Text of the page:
Photographer Austin Irving makes work about being uncomfortable. Although her imagery is primarily architectural in content, its true subject in many ways is the body. Her notable photographic series about bizarre, surreal, unintentionally funny and Kafkaesque quirks of public spaces offers dead end hallways, illusionistic geometry, and an empathetic embrace of color — all of which draws the eye deep into the picture, only to be thwarted in its progress through the space. Other series depicting fantastically retrofitted caverns made over into spectacles, and of plant life set to root in isolated building and landscape settings, each in their way describe levels of discomfort from the physical to the psychological, cultural, and emotional. Irving’s work can currently be seen in group exhibitions at the Studio Channel Islands and Irvine Fine Art Center galleries.
L.A. WEEKLY: What is your short answer to people who ask what your work is about?
AUSTIN IRVING: My work is an investigation of the environments we inhabit. This quote by the influential architect and illustrator, Hugh Ferriss from his book The Metropolis of Tomorrow published in 1929, is precisely what I explore in my practice: “The character of the architectural forms and spaces which all people habitually encounter are powerful agencies in determining the nature of their thoughts, their emotions and their actions, however unconscious of this they may be.”
Did you go to art school? Why/Why not?
I did indeed go to art school. I knew from a very young age that I wanted to pursue photography and had no doubt in my mind that I was going to get a BFA for my undergraduate degree. My education at NYU was extremely valuable and I am forever grateful that I was able to study with so many wonderful professors. Their passion, attention to detail, and encouragement were incredible gifts that have impacted my practice in a very major way.
Why do you live and work in L.A., and not elsewhere?
Los Angeles is a place that brings me tremendous amounts of joy. Not only is it a beautiful and calm place to live and have a studio, but I am constantly inspired to make new work in this city.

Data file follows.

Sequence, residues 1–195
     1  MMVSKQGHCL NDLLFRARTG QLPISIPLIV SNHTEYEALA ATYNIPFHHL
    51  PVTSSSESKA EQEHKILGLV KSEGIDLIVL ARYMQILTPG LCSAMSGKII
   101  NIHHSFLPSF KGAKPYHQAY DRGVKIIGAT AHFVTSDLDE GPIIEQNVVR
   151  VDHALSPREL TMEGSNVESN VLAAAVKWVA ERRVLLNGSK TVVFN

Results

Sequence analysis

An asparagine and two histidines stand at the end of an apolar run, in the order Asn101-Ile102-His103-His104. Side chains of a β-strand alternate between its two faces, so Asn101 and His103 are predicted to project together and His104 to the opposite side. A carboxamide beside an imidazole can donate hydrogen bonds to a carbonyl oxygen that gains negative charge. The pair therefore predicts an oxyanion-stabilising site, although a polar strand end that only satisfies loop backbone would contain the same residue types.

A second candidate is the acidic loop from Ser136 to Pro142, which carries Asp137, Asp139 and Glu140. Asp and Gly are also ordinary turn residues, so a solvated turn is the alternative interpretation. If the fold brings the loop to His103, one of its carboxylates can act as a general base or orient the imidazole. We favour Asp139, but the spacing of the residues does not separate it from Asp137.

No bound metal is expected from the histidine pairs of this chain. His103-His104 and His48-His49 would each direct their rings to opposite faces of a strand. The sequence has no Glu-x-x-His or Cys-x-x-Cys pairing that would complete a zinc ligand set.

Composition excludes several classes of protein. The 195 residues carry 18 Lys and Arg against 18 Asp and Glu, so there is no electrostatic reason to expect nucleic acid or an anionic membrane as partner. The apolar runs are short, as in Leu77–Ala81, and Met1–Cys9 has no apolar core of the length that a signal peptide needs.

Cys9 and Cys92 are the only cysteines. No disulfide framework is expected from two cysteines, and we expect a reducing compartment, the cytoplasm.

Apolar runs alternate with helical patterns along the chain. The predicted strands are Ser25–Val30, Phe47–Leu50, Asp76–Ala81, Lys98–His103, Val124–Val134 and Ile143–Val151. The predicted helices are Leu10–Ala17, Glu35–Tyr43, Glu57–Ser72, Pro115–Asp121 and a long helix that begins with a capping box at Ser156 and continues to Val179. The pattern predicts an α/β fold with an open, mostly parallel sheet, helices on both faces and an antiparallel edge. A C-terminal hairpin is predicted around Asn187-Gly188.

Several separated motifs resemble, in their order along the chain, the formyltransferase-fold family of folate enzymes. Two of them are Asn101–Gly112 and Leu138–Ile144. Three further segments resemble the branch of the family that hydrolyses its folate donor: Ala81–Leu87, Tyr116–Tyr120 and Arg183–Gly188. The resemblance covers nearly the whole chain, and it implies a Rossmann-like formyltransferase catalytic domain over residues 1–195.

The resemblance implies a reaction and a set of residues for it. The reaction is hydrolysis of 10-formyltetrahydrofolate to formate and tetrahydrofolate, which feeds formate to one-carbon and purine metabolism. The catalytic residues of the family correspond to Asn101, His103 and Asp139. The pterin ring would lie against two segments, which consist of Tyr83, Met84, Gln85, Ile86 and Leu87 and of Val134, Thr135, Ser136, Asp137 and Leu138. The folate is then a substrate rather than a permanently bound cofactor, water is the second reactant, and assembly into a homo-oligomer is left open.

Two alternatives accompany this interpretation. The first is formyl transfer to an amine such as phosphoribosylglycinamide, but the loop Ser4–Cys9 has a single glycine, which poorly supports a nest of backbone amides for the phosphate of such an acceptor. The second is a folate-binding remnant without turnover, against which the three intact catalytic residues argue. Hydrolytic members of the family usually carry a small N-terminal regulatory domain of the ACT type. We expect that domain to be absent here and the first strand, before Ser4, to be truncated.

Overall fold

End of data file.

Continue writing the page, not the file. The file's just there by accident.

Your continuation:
When was your first show?
My first real show in a gallery was in the summer of 2007 (the year after I graduated from NYU) at The SoHo Photo Gallery in Tribeca, NY. My work was selected to be a part of their 12th Annual Juried National Photo Competition.
When is/was your current/most recent/next show?
I have work in two shows at the moment. An image from my BOAT GHOSTS series was selected by L.A. Times art writer Leah Ollman to be a part of a juried group show at Studio Channel Islands in Camarillo, CA entitled The Next Big Thing, which will be on view until September 21. I also currently have ten pieces from my NOT AN EXIT and CORNERED series included in a three-person show at The Irvine Fine Arts Center entitled A Curious Horizon that opened on July 31.
What artist living or dead would you most like to show with?
Wouldn’t it be incredible to show with Magritte!? His work, and the Surrealist movement, have left a lasting impression on my practice and, frankly, on my general perception of the world.
Do you listen to music while you work? If so what?
Yes — music is essential. When I am in the studio I love to listen to electronic music by artists such as Aphex Twin, Boards of Canada, The Field, Com Truise, Tycho and oh so many others. I very much enjoy long, ambient tracks — the longer and more drawn out the better!
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